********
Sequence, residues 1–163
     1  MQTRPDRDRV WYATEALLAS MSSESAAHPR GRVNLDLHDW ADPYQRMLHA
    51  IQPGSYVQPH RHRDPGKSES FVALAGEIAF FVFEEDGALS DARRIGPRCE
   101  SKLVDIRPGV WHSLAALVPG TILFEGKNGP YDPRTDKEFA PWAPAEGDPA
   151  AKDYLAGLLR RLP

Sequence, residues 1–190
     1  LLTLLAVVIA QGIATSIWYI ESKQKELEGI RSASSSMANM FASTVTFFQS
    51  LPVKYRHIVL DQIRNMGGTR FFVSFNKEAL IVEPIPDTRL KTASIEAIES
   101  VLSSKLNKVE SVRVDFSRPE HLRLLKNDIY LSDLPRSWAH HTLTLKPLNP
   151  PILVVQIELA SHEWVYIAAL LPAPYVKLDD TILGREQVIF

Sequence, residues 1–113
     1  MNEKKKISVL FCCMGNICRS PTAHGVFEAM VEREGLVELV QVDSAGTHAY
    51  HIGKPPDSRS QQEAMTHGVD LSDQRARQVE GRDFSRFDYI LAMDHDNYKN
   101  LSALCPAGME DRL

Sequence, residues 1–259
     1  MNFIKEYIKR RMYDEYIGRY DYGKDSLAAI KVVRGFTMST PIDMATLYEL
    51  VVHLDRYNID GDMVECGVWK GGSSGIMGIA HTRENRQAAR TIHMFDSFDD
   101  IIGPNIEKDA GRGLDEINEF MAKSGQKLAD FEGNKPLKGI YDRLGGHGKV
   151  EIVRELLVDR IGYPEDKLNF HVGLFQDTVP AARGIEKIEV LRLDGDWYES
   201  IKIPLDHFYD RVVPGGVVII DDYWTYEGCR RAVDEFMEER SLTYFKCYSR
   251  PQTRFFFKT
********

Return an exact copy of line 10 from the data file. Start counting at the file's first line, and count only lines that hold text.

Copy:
   151  PILVVQIELA SHEWVYIAAL LPAPYVKLDD TILGREQVIF